Campaigners have criticised plans to develop two mega-prisons on the site of a rare bird and amphibian habitat in England.
The government has been accused of reneging on commitments in the Environment Act to stop the decline of wildlife by proposing the development on the old Wethersfield airfield, which has become an important space for nature near Braintree, Essex.
Seventy-four species of birds, many red-listed, nest nearby and the area comprises 75,000 trees and shrubs. The site also includes ancient woodland, as well as great crested newts and rare orchids. Red-listed birds on the site include turtle doves, lapwings and grey partridge.
Rosie Pearson, a planning and environmental campaigner, said she hoped a local campaign would force the plans to be scrapped and allow the area to be rewilded instead.
She said: “Already seven parish councils have come together to create a network, and a community action group has been created. It’s called Swap: Stop Wethersfield Airfield Prisons.
“We are in the process of appointing experts to assist in the campaign, and we are working on a better alternative – to see the land sold to a rewilding buyer. We would love to see the site protected. There is a farm adjoining the airfield which has been bought recently for rewilding.”
Pearson is convening a group of locals, including landowners, to develop and present an alternative plan for the site that would protect the wild areas from construction.
Building work on the Wethersfield site could begin in 2023 if the proposals are approved. The government is reviewing responses to a consultation of residents conducted last month.
Braintree district council put forward the location as a possible prison site a few years ago at the request of the Ministry of Justice (MoJ), and the council leader, Graham Butland, has said that the complex, comprising two 1,750-inmate prisons and 1,000 parking spaces, could bring funding and jobs to the area.
The environment minister Victoria Prentis praised the idea, and said in the planning document: “As part of our work to drive down crime, we have committed to creating 18,000 additional prison places by the mid-2020s. We believe that, following detailed feasibility work, land next to Wethersfield airbase would be a good location for two new prisons as part of the prison estates strategy.
“Our plans, if successful, would bring many benefits to the local community, such as hundreds of jobs during construction, careers within the prison sector and an increased spend in local businesses.”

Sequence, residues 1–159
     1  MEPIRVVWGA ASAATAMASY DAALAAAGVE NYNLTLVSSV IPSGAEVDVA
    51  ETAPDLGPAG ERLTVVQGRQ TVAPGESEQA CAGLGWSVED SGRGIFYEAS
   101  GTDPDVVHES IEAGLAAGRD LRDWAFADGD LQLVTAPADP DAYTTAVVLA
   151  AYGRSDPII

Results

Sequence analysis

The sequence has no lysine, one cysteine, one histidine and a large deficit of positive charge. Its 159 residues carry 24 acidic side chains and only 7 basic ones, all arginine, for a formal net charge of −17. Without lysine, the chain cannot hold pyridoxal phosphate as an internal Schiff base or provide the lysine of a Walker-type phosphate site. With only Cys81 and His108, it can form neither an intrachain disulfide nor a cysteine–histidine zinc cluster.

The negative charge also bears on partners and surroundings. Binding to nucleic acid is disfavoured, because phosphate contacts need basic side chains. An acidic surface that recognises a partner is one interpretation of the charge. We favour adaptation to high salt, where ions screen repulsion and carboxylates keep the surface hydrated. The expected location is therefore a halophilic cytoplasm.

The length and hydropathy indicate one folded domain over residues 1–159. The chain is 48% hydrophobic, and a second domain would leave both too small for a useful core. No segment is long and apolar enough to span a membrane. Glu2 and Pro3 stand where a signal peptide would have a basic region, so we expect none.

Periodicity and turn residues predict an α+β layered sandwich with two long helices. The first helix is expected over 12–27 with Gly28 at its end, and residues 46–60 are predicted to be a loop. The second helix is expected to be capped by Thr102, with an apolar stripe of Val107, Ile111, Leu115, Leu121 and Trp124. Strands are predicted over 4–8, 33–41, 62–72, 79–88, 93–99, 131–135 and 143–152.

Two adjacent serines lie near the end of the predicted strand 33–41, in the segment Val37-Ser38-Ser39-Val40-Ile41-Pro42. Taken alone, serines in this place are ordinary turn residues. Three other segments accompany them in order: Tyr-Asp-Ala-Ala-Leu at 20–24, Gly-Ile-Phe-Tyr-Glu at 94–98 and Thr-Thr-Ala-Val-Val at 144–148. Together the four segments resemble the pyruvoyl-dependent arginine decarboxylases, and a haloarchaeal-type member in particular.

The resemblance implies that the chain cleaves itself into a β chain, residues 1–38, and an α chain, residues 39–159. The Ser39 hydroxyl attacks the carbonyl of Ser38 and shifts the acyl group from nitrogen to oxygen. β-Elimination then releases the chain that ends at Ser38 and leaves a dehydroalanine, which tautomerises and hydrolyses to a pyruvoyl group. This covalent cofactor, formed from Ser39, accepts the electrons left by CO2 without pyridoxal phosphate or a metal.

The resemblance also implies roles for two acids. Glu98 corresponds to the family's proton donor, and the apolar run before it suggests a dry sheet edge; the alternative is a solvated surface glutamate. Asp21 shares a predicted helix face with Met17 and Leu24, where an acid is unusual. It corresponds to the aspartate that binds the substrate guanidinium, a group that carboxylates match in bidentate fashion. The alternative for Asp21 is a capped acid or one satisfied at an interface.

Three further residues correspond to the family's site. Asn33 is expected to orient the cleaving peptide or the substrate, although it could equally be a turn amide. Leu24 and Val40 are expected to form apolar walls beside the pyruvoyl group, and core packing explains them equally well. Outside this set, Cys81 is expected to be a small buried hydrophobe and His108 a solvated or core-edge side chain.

But nature charities say by backing such plans, the government is reneging on its promise to protect wildlife.
Emma Marsh, the RSPB’s director for England, said: “We cannot keep pushing nature into smaller and smaller spaces and demand it fits in with our plans. Across England our wildlife is disappearing and wild spaces that are providing a refuge for our rarest species during the nature and climate emergency are under threat.
“Our leaders in Westminster championed the Environment Act for delivering the world’s first legally binding targets for halting the decline of wildlife, and yet only a few weeks after being granted royal assent we now need to see nature included in all decision making, including planning, especially when compensation land could take a decade or longer to replace what has been lost under concrete.”
The MoJ says the development will protect local wildlife. A spokesperson added: “The landscape design strategy for the new prisons seeks as a primary objective to protect local wildlife, plants and trees as much as possible.
“A lot of care has been taken to understand the existing context of the site, through research, surveys and assessment, to respect the existing rural setting. The layout of the prisons have been designed conscientiously, to ensure that there will be minimal impact to the existing green infrastructure.”
The local MP, James Cleverly, refused to disclose whether he would support the plans. He told the Guardian: “I have spoken with MoJ ministers, elected members and officials at Braintree district council and local people about the pros and cons of these proposals. This is still at the very earliest stages, and no formal planning application has been submitted. I will continue to engage with local residents and local representatives.”
This article by Helena Horton was first published by The Guardian on 1 December 2021. Lead Image: Red-listed birds on the site in Essex include turtle doves. Photograph: Joe Blossom/Alamy.
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